Mountaineer offers tips for navigating icy city
Focus and fitness are paramount for navigating city’s sidewalks, laneways
• Montreal Gazette
• 28 Feb 2019
• BILL BROWNSTEIN
Theodore Fairhurst is the oldest person on Earth to have scaled the world’s Seven Summits as well as its Volcanic Seven Summits.
The advice is simple and to the point: “Focus, plan your path, take small steps, wear sensible footwear, preferably with crampons, and, above all, feel confident, because fear of failure will bring you down almost every time. So will answering your cellphone.”
This advice comes courtesy of renowned Montreal mountain climber Theodore Fairhurst.
Two months ago, Fairhurst became the ninth and oldest person on the planet to scale the world’s Seven Summits as well as its Volcanic Seven Summits — the highest mountains of each of the seven continents in these two categories. Fairhurst, 71, is also the first North or South American to have accomplished these feats.
But Fairhurst’s aforementioned advice to this intrepid explorer does not relate to me attempting to scale the peaks of Everest or Kilimanjaro. (As if.) No, he has set a daunting new challenge for us: navigating our icy city sidewalks and laneways.
Fairhurst concedes he has taken his fair share of tumbles in his slippery Shaughnessy Village ’hood. There has been some salting on the sidewalk in front of his home, but it is buried so deep that even a mining prospector would have to rely on power tools to dig it out. As for the abrasive-less laneway adjacent to his home, he could conceivably skate on it, were it not for the foot-high rut running through the middle.
On the plus side, Fairhurst has determined we won’t be requiring his ice picks, grips, ropes or rappel gear for this odyssey, although helmets could have come in handy.
“Fitness is as paramount here as it is for mountain climbing,” Fairhurst notes. “But I don’t think anyone can avoid falling from time to time. There’s some pretty wicked stuff out there. Obviously, the city hasn’t maintained its streets and sidewalks as it should have. Although the winter has been particularly bad, there are parts of the city where it is more safe.”
But the important thing is that we made it through our jaunt, and without even having resorted to any double Salchow moves to stay vertical.
Back in the 1970s, our government aired PartipACTION messages, decrying the fact that the average 60-year-old Swede was in better shape than the average 30-year-old Canadian. Well, I defy the Swedes to come up with a 71-year-old in better shape than Fairhurst. Though he weighs but 130 pounds, he regularly bench presses more than 200 pounds. And he does all manner of sports.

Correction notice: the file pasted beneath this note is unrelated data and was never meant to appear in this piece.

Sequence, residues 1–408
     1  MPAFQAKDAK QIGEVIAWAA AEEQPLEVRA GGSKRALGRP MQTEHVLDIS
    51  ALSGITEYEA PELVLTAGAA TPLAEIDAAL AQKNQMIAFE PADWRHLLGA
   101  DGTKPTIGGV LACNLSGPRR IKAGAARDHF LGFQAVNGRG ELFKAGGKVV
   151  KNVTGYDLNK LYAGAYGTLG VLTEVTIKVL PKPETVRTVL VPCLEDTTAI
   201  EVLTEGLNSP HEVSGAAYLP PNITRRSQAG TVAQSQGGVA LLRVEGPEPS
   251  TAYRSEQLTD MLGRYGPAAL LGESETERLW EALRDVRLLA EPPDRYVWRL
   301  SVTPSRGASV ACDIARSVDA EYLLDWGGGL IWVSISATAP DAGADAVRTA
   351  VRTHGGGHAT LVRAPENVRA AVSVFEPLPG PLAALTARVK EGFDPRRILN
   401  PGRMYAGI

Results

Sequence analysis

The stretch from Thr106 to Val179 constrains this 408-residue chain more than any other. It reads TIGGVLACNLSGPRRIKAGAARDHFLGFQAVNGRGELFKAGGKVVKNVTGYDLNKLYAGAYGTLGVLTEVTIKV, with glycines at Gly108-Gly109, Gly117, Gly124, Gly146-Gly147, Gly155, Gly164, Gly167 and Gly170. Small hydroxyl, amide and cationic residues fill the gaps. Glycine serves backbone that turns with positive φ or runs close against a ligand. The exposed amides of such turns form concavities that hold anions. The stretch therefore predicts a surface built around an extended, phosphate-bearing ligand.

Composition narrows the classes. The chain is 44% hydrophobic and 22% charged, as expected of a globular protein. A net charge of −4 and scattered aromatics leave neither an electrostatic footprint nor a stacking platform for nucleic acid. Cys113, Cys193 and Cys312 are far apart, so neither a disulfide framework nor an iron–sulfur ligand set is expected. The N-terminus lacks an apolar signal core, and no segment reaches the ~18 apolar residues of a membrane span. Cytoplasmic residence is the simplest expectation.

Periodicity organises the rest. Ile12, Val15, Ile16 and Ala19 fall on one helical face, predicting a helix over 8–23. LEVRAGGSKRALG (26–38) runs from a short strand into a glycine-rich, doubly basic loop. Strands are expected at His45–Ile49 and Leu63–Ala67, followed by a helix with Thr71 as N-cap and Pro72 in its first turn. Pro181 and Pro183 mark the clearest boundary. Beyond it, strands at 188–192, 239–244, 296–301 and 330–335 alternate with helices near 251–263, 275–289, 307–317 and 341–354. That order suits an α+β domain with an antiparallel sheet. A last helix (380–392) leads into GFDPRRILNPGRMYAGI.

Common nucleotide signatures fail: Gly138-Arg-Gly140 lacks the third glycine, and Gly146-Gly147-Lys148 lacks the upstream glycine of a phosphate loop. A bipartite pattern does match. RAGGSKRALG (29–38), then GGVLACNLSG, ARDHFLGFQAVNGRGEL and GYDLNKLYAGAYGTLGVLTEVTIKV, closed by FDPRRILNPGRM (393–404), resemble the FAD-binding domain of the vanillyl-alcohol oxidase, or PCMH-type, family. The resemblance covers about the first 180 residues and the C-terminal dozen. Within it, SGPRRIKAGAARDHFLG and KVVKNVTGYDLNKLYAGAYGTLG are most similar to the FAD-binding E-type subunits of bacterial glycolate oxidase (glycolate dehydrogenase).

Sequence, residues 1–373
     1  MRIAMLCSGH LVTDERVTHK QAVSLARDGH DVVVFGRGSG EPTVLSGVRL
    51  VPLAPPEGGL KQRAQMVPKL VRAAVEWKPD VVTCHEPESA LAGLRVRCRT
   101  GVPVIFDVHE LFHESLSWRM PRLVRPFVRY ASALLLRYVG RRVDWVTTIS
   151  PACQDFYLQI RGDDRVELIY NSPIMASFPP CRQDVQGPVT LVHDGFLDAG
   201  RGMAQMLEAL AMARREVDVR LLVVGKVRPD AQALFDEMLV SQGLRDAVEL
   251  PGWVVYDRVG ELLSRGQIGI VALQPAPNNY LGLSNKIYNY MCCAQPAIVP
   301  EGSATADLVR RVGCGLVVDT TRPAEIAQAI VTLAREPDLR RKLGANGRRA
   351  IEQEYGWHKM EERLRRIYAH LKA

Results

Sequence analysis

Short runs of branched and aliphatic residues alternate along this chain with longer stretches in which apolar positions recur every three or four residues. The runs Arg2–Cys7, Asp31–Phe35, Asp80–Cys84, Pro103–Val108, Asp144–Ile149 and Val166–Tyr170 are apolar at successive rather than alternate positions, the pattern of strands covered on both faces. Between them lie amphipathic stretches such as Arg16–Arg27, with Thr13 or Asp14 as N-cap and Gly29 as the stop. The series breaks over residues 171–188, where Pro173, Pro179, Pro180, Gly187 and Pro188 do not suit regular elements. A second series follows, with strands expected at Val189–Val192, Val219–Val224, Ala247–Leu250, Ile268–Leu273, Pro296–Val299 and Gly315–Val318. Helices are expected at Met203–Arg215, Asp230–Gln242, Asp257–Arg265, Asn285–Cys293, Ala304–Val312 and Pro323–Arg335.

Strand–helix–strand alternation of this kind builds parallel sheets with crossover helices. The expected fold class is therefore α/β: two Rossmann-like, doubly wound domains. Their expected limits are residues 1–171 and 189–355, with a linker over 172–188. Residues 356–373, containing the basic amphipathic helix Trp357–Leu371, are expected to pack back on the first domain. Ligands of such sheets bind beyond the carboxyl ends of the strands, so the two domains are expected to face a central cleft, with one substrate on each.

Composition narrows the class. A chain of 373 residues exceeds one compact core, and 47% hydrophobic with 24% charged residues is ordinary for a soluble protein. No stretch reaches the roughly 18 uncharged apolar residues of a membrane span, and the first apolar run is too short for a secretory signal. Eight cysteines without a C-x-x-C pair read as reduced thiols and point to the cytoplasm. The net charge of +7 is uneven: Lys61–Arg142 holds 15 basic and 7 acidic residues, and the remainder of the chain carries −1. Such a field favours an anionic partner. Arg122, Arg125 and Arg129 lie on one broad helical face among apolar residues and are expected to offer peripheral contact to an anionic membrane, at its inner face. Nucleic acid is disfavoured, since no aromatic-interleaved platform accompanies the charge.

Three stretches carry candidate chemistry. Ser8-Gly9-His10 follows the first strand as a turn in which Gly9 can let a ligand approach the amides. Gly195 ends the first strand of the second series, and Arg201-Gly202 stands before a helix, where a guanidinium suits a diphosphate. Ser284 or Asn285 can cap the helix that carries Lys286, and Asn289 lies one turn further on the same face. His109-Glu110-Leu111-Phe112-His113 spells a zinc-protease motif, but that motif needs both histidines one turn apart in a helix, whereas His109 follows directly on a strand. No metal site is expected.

But what possesses someone to undertake the mountain-climbing adventures he has?
“Again, it’s about following a path, but on another level,” says Fairhurst, also an artist and videographer who dabbles in real estate. “And when you follow it long enough, you continue pushing your limits further and further.”
He began his climbing odyssey in 2006, taking on Aconcagua in Argentina, the highest mountain in the Southern and Western Hemispheres. Over the next eight years, he would complete climbing the Seven Summits, including Everest, Denali and Kilimanjaro.
In 2014, after scaling the mountains, he set across the North Atlantic with a team in a 65-foot ocean-racing boat. And in 2015, he took it a tad easier, mountain biking across Scotland.
But those feats were clearly not challenging enough for Fairhurst. So, upon turning 70 in 2017, he decided he would then undertake to ascend the world’s Volcanic Seven Summits, but in just one year. He had done two of the mountains, Elbrus and Kilimanjaro, before in the Seven Summits series, but decided to do them over again for this quest.
“I got six of them done in eight months, but I got shut down twice with the seventh, the Ojos del Salado mountain in Chile. I was just 75 metres from the summit, too,” recalls Fairhurst, married to a “most understanding” spouse. “So I went back in December to finish.
“It all may sound pretty wild, but I don’t have a death wish whatsoever. I really love life and want to continue doing this. You evolve. It’s not like I went from nothing to climbing Everest.”
Fairhurst’s most daunting experience, even more than dealing with our sidewalks, came while descending Everest, at 29,000 feet high.
“Instead of twisting in, I twisted out, just hanging perilously on a rope with only my two hands. My heart was racing. I was in serious trouble. But somehow I was able to get twisted back.”
For a follow-up, Fairhurst had contemplated becoming the first person to cycle through the South Pole on a fat-tire bike.
“But someone beat me to it, so I just don’t see the point of doing it now. It’s kind of nice to be the first, so I’ll just have to find something else.” firstname.lastname@example.org Twitter.com/ billbrownstein